Yawn: Idleness and Boredom in the Late Ottoman Empire

By Avner Wishnitzer
Submitted to Session P4973 (Law, Legitimacy, and Laziness in Late Ottoman Imperial Culture, 2017 Annual Meeting
Ottoman Empire;
19th-21st Centuries;
Prominent philosophers such as Martin Heidegger and Walter Benjamin considered widespread boredom to be one of the distinctive features of modern life, and yet, systematic research of the experience within the humanities has been thus far rather limited. The history of emotions was mostly concerned with more "dramatic" feelings such as love and fear and thus, while the number of psychological studies dedicated to boredom has been growing steadily, historians have rarely considered its implications.

The proposed study, then, is an attempt to historicize boredom by analyzing its relations with social hierarchies in the late Ottoman Empire. Relying on contemporary codes, school textbooks, journals, diaries, novels and memoirs, I argue that the late Ottoman discourse of "self-help" was not only about imperial "progress," but also a remedy proscribed by elite members to the boredom of their subalterns, which was considered a threat to established order. Yet, imposed activity could not alleviate the sense of powerlessness and meaninglessness that generated boredom to begin with.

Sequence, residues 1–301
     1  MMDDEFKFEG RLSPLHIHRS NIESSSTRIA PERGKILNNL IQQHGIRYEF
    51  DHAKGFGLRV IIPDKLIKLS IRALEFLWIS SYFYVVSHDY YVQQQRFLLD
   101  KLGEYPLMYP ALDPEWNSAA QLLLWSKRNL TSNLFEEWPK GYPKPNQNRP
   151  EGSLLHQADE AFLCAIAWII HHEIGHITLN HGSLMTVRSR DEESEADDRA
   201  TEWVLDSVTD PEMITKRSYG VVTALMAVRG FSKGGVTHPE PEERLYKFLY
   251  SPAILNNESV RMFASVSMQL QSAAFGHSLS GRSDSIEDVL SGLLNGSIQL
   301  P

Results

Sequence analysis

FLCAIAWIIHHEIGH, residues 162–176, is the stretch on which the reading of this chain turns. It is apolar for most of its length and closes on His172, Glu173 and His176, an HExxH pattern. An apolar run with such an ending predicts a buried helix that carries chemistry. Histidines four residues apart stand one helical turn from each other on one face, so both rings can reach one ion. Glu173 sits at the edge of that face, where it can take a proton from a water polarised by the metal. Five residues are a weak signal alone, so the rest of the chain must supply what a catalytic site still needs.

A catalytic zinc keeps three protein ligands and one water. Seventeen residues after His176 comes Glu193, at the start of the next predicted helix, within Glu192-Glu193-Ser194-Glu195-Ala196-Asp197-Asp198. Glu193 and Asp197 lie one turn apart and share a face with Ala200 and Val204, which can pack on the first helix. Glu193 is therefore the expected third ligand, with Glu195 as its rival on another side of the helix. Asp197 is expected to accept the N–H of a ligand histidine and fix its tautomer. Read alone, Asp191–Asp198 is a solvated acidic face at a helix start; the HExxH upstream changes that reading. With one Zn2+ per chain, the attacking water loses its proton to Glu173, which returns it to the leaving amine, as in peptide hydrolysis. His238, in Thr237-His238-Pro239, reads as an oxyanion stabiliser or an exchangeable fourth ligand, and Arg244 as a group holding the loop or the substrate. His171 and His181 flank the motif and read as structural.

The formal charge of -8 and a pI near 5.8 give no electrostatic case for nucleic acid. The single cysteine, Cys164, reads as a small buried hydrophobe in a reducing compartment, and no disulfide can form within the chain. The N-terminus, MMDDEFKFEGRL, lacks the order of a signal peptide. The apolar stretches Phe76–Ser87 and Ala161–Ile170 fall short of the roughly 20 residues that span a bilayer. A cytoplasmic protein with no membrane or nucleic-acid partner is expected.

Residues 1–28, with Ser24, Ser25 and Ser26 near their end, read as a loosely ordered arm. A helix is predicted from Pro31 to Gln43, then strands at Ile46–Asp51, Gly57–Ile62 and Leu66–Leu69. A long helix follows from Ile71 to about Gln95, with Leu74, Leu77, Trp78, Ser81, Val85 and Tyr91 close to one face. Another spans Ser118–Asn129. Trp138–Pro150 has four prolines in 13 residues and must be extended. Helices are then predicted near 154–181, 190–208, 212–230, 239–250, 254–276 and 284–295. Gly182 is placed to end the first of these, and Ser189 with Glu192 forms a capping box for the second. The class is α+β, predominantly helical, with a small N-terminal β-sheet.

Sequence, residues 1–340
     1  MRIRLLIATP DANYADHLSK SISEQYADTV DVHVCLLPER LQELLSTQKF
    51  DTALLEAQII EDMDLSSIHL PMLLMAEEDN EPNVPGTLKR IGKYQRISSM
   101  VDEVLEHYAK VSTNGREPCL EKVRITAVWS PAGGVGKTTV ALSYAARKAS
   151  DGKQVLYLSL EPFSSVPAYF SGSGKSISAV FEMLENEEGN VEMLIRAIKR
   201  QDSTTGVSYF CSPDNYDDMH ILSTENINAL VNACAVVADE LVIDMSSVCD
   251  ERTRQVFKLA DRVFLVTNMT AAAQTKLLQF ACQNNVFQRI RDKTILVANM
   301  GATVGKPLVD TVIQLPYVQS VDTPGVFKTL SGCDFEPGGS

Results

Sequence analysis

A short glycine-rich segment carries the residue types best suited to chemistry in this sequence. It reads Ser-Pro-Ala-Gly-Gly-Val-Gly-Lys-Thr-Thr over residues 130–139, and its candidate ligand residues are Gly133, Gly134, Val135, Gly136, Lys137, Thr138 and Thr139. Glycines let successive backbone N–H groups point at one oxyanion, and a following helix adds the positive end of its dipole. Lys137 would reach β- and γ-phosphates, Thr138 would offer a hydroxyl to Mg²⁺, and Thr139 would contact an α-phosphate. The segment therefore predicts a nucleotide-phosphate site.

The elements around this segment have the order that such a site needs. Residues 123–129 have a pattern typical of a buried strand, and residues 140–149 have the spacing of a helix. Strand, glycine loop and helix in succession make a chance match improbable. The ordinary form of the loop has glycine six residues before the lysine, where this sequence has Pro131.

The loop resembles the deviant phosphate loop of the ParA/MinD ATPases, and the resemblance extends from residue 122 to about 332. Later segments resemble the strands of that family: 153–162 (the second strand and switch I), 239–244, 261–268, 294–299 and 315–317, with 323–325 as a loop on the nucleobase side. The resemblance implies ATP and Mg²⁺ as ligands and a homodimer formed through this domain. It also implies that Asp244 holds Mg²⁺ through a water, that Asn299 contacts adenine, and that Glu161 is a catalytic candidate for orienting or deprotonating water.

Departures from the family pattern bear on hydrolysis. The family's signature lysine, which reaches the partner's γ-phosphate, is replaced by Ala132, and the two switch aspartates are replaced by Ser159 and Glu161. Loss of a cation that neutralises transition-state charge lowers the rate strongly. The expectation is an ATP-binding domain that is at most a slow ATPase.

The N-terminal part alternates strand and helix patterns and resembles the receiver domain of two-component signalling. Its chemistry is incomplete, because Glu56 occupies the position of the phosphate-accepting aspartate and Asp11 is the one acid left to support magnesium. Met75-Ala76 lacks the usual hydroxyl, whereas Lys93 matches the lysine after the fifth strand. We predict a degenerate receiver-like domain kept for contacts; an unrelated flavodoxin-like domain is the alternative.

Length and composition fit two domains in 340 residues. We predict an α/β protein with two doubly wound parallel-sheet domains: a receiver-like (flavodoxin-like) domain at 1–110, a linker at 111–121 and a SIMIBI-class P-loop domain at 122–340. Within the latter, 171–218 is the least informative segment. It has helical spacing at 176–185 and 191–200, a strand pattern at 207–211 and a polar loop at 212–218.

Psychological study of boredom identifies different types of and reasons for boredom. One of main reasons for what is known as "state boredom" is the imposition of monotonous tasks that are experienced as meaningless and/or restrictions on movement that constrain one within an under-stimulating environment. Boredom in these contexts is the result of imposed powerlessness and is therefore closely associated with class, gender and age.

Hegemonic writing in the late 19th century Ottoman Empire began targeting the experience of boredom rather than the state of "idleness," which was often the concern of officials and moralists in earlier periods. Didactic periodicals warned children that "time passes slowly" when being inactive and encouraged them to study and work harder. Textbooks for female students repeatedly emphasized that a busy routine is the solution for the dull of domestic life. Yet, memoirs of former students in Hamidian schools and contemporary novels (e.g. Mehmed Rauf's Eylül) implicitly or explicitly associated boredom with the stifling atmosphere of the Hamidian period. Many of the addressees of the discourse of self-help simply could not help themselves as Samuel Smiles, Ahmed Midhat or Ebüziyya Tevfik preached them. For them life was not about possibilities and advancement but about the lack thereof. Behind the closed doors of hegemonic discourse, then, there lies a whole other history of inactivity and frustration, of longing for alternatives.